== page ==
Circular economy: how and when to use open innovation to encourage it in the company

This article was featured on Economy Up. Click here to view.

 

Although growing, the degree of adoption of the circular economy is still not high enough. How and where to intervene in companies and consumers to encourage “circular” behavior? This was discussed in a Mind the Bridge meeting with companies that leverage innovation to put it into practice

The news is not the explosion of investments in the Circular Economy (five billion dollars invested in the last ten years in the United States alone, of which almost two in 2021) for which a pipeline of innovative solutions and materials is being created.

The news is rather the bottleneck that still lies in its degree of adoption , if it is true that around 1.2 million plastic bottles are used per minute in the world and that over 90% of plastic is not recycled . Basically, roughly half of the plastic is destined for single-use products.

It is therefore not surprising that a significant part of investments in the circular economy (about 30%) is directed towards sustainable packaging (with bioplastics taking the lion's share, while still remaining exposed to cost problems, almost double , and quality) and reusable packaging, for which tracking is crucial as well as the active participation of consumers: 94% of Americans theoretically support recycling but only 35% put it into practice properly.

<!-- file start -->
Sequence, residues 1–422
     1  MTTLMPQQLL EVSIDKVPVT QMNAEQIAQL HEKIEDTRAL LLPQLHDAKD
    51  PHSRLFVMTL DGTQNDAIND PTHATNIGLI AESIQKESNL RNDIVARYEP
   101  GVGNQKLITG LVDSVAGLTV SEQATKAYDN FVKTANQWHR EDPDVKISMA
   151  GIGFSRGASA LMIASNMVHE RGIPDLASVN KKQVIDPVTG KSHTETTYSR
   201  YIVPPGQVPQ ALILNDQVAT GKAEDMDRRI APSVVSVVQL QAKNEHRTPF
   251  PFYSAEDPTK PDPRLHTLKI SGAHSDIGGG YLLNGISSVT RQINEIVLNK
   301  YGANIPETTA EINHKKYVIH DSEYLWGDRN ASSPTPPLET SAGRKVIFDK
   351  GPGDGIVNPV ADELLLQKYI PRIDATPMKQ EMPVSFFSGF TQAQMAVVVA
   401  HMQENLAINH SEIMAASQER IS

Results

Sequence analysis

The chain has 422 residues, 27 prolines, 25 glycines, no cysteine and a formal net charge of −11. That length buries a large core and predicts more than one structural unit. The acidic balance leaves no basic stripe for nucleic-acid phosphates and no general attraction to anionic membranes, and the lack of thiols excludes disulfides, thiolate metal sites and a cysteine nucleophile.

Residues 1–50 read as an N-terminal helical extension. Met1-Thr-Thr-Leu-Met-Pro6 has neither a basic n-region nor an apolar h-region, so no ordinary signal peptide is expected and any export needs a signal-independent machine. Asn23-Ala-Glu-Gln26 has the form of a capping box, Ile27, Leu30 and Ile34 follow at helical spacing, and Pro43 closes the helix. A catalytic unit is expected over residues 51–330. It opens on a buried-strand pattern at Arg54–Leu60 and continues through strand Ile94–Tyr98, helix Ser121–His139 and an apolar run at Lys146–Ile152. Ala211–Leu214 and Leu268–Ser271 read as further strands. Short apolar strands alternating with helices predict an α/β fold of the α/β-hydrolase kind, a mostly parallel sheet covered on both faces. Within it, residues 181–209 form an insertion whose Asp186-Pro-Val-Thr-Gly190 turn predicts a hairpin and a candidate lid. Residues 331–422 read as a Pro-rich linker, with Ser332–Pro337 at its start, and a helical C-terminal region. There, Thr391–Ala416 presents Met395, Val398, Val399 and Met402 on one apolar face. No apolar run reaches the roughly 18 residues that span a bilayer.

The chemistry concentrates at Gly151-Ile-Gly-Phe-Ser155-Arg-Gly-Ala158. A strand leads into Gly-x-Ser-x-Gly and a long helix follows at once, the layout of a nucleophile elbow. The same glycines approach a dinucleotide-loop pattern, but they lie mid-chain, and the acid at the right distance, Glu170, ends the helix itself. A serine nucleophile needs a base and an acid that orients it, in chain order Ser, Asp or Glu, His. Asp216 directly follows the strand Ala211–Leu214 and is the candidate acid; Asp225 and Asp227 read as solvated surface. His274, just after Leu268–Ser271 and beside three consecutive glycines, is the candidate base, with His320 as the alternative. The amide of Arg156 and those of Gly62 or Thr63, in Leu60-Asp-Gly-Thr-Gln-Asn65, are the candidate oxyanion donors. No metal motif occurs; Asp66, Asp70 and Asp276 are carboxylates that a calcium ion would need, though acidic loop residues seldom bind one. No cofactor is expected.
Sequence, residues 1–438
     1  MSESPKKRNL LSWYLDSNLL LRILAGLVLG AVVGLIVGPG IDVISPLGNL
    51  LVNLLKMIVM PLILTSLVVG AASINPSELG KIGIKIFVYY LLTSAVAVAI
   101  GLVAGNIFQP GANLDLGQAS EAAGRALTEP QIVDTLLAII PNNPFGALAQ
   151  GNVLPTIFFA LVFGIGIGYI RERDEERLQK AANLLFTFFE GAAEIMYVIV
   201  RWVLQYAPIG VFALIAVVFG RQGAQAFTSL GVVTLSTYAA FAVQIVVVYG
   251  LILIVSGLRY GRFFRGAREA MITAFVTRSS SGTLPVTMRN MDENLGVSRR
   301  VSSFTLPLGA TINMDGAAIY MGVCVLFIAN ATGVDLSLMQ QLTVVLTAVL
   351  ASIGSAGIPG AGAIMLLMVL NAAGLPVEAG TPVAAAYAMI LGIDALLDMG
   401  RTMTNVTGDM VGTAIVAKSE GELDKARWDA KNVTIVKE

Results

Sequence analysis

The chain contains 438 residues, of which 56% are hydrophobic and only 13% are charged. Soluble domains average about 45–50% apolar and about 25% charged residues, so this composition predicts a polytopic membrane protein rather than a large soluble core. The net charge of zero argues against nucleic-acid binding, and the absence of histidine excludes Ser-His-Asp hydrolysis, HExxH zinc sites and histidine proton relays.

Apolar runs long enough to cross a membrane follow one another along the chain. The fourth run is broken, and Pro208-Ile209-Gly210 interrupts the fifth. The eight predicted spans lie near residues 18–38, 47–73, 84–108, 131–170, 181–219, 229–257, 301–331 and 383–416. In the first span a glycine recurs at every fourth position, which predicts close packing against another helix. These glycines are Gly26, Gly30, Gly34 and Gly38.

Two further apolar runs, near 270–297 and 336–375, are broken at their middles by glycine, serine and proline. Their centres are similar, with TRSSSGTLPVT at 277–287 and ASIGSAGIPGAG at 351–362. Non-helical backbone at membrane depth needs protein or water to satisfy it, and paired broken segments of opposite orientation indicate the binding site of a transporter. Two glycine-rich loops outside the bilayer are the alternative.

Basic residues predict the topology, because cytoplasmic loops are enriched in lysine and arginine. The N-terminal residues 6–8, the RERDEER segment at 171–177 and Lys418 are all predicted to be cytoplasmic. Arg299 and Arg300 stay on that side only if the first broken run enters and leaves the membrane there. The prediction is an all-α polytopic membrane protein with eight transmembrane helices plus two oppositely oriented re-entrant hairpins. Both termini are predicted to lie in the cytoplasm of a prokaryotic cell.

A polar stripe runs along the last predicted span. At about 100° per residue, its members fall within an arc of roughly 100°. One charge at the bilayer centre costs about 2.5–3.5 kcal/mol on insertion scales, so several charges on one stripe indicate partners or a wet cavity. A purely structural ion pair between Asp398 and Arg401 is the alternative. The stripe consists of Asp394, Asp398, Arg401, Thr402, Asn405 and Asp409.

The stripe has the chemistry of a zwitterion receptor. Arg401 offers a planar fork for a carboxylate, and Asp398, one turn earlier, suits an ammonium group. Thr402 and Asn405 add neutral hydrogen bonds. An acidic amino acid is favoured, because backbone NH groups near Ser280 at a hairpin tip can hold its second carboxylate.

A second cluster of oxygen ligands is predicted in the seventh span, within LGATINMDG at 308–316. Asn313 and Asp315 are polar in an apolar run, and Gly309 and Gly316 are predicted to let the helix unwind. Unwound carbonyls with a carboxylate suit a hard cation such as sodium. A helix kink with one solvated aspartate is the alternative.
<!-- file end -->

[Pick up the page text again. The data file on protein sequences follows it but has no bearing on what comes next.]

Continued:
These issues were discussed last Thursday at the Mind the Bridge Innovation Center in San Francisco in an Innovation Industry Talk which saw the participation of industrial players in the beverage world (AB Inbev and Pelliconi) and innovative startups from Silicon Valley (FullCycle, Purcell , Turn).

The occasion was the launch of the Report produced by Pelliconi 's Innovation Antenna in Silicon Valley on Disruptive Innovation Trends in the Beverage and Closure Market.

I will summarize some highlights, inviting you to read the Report ( available here for download ) and review the very interesting session (whose video recording will be made available on September 7 on our YouTube channel ).

  • As emerges from the Circular Economy Framework that Mind the Bridge has applied to the Beverage Supply Chain, the areas with the greatest environmental impact (and consequently with greater opportunities for action) are that of production and that of consumption .

 

 

  • While the former is to some extent governed by manufacturing companies (sustainable packages , particularly in the context of Non-alcoholic beverages) , the latter requires the collaboration of consumers (in addition to large-scale distribution and retail). Here education, incentives, gamification (as Turn is doing ) are fundamental, as are tracking systems (for which Purcell is a very interesting case).
  • The big players have only recently opened up to open innovation and collaboration with startups.
  • The most used models are:
    • Innovation Outposts and Antennas in the main ecosystems to intercept trends: AB Inbev and Pelliconi have an innovation center in Silicon Valley.
    • Venture Client : Examples of collaboration come from Coca Cola, Danone and Pepsico among others.
    • Investments : AB Inbev has a dedicated CVC fund (ZX Ventures) as does Nestlé (which has announced a new fund focused on Brazil).
    • Accelerators and Innovation Labs : AB InBev has an accelerator in partnership with Coca Cola, Unilever and Colgate) as well as Pepsico. Carlsberg works more on intrapreneurship initiatives.
    • Acquisitions : Coca Cola, HP and AB Inbev are becoming particularly active on this front.
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